By Tony Jimenez
VIRGINIA WATER, England (Reuters) - Ernie Els would not have won last year's British Open without the aid of a belly putter, the South African four-times major champions said on Wednesday.
Golf's governing bodies announced on Tuesday a ban on the anchoring of putters from 2016 and Els believes he would have had little chance of lifting the Claret Jug if he been forced to use a more conventional approach on the greens at Lytham last July.
"I was in such a state on the greens then that I don't think I could have won the Open with a short putter," the 43-year-old told reporters on the eve of the European Tour's flagship event, the PGA Championship at Wentworth.
"It was a psychological thing for me and even with the long putter I didn't putt that great - I was probably in the bottom 10 of the putting stats at Lytham.
"But I'm in a much better place now," said Els. "I feel I can get back to working with the short putter again in the future."
Els has begun the process of re-adapting to the shorter putter.
"I've already used it at a tournament in Asia in March," he explained. "It wasn't as much of a pressure tournament as the PGA or a major but I felt okay with it.
"I've been practicing with it and it feels great but you have to take it out on the course. There are obviously going to be more eyes watching us now.
"I probably won't put the short one in the bag until after the major season this year, then at the end of the year I'll start playing a lot more tournaments with it."
Four of the last six majors have been won by players using an anchored putter and Els believes the club manufacturers will react to the ban from the Royal and Ancient and the United States Golf Association by creating new devices to use on the greens.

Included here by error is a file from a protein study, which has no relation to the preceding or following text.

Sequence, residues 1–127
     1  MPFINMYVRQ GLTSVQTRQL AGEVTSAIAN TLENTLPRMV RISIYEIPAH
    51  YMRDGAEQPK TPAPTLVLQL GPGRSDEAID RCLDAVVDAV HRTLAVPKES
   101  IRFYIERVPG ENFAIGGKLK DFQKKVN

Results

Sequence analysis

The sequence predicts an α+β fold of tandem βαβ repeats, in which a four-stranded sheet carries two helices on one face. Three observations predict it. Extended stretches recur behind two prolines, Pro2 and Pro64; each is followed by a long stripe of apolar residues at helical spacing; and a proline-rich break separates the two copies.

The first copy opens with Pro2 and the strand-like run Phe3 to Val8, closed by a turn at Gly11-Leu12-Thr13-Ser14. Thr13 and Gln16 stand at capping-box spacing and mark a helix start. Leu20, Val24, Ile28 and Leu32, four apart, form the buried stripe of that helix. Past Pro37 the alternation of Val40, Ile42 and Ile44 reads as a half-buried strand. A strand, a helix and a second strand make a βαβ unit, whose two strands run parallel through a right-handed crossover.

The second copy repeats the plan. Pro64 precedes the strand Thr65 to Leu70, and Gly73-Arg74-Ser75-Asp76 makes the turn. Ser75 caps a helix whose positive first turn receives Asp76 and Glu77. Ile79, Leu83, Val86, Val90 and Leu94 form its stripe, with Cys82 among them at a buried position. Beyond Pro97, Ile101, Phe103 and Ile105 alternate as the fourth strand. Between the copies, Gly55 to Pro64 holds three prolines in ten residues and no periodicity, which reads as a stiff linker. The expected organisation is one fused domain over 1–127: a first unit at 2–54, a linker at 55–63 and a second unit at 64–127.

"I think there will be another design of putter coming and the players these days are so good and spend so much time practicing that they will get used to playing a different way," he said.
"Luckily for me, if I'm being selfish, I've won 60-odd tournaments and only one was with a belly putter but it is going to take time for the rest of the guys to get back into competitive form with a different type of method."
Els, who also won the 2002 British Open and the U.S. Open in 1994 and 1997, believes some players will take legal advice over the anchoring ban.
"I think you're going to have guys going that way," he said. "This is a real issue for some players...they are probably going to take some action."
Els also believes he could continue with some form of long putter without breaking the new rule.
"Callaways built me a longer putter with a lot of weight in the handle," he said. "You can still use it fairly close to how the anchoring works but not quite."
(Editing by Ed Osmond)